If you're not a seasoned ex-pat who moves from one country to another as a matter of course, or young and reckless without any baggage, making a significant move for the first time in your life can be a very interesting process.
I knew in advance that logistically moving to Russia would be a challenge; simply sorting out the paperwork is proving a bit of a marathon. And I have been both experiencing and anticipating the emotional fall-out for a while now.
But what I hadn't expected was how draining it can be dealing with other people's negative reaction to the news that we're going. I've had all sorts of responses; from the commiserations offered by our solicitor (thanks, by the way; I really needed to hear how your friend got drugged and robbed after an ill-advised drink in a shady bar in Moscow - which I suspect he shouldn't have been in anyway, his being a family man and all...), to cautious optimisim expressed by our families, who whilst they don't want us to go, know we've been working towards this for a while and also that we'll only be a four hour flight away.
Most people are great; supportive, excited for us, whilst at the same time understanding that it's going to be a wrench. These are the ones who ask 'What do you need from me to make this easier?' They understand that we have enough to deal with without endlessly examining the down-side; we're going, we have to, and that's an end to it. And who knows? Hell, we might even - gasp! - enjoy it!
There are others, however, who can't see a bright side. Russia - Moscow - to them is the grey utilitarian totalist state of the Cold War of their childhood. It's freezing for months at a time, it's a city of food shortages and queues, there are no bright colours, and the Mafia are everywhere. Why on earth would anyone want to go and live there?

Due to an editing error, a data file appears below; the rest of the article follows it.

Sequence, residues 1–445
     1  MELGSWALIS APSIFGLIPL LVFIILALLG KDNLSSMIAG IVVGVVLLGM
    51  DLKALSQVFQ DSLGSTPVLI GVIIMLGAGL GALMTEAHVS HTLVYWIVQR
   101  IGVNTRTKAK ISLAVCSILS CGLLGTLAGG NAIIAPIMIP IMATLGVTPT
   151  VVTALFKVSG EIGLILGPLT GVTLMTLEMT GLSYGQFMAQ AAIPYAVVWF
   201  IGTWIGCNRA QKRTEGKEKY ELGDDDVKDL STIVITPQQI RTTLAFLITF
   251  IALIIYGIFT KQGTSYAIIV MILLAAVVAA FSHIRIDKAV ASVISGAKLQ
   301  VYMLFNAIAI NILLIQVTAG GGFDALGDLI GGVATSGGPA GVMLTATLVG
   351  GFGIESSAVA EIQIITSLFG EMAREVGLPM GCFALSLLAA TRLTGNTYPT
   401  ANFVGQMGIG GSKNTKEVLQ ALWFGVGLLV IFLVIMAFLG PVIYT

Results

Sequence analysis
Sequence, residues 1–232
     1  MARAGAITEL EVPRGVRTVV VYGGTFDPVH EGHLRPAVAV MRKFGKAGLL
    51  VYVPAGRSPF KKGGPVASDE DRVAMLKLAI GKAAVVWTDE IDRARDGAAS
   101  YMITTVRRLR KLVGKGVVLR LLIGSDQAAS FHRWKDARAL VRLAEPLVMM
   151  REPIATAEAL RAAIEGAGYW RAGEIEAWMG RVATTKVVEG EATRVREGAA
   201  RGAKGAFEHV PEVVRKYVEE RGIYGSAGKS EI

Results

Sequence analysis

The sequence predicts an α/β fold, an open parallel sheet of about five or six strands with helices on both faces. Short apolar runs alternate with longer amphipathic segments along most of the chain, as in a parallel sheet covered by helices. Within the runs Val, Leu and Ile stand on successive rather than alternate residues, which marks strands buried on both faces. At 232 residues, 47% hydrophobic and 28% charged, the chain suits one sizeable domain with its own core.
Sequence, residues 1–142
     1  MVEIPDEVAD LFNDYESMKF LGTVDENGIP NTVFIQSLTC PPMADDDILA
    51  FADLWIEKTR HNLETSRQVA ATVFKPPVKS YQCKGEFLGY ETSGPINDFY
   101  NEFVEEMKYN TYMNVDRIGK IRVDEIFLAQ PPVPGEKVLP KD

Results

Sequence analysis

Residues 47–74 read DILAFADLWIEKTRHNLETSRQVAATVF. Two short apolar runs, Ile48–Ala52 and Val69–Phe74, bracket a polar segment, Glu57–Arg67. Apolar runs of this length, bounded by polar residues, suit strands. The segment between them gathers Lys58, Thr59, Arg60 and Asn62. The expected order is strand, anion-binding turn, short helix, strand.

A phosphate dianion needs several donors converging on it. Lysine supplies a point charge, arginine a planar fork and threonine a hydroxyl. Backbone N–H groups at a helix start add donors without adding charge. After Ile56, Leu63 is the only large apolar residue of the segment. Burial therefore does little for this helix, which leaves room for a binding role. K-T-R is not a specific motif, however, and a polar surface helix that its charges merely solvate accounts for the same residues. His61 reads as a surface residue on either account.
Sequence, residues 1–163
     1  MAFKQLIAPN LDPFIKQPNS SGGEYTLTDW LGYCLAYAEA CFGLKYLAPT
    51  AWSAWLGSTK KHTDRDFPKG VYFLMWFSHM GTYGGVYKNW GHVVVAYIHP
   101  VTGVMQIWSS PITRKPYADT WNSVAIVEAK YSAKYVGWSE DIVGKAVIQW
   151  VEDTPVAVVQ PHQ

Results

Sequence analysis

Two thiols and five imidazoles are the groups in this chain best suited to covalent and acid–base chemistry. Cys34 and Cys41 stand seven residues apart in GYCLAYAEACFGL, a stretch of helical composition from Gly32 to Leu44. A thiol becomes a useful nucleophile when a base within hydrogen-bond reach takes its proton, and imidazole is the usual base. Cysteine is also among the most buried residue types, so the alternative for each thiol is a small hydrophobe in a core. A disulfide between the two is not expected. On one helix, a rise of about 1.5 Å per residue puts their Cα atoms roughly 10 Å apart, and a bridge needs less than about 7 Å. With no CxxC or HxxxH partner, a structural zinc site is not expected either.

I don't blame people for thinking this way when this image is perpetuated by news rooms and fiction writers all over the world. Admittedly it was a few years ago, but on one memorable occassion Husband (then Tall Skinny Dutch Boyfriend) phoned me from Moscow and I mentioned in passing how cold it had looked there when I watched an item on the news about Russia earlier that evening. The reporter was standing in front of a backdrop of window opening onto a wintry sky with flakes of snow swirling prettily around. Husband was nonplussed. "What on earth are you talking about?" he asked. "Cold? It's 20 degrees C here!"
Well, anyway, my point is that common perceptions are often wrong, and you can't always believe what you see on the news - even when it's the BBC. (Or is that 'especially'?) And also that these negative reactions - which I understand are invariably about the individual I'm talking to and their thoughts on how they would cope with such a move, rather than on a rational assessment of our situation as a family and why this is all necessary, for the best, and actually quite exciting - are so easily made. I've certainly been guilty of that in the past; it's how we put things in context, how we relate to other human beings; by imagining ourselves walking in their shoes. The problem is that right now, for a lot of people, the thought of walking in our shoes scares them witless - and they say so.
But experiencing this from the other side for a change (it's normally we who are staying put whilst others go off and live in unusual places) has shown me that whilst imagining walking in another's shoes is definitely a good thing, it doesn't always do to tell people how you think those shoes might feel, that you don't like the colour, and that they're not your style at all.
I'm wondering; is this something that others who've made this type of a move have experienced too?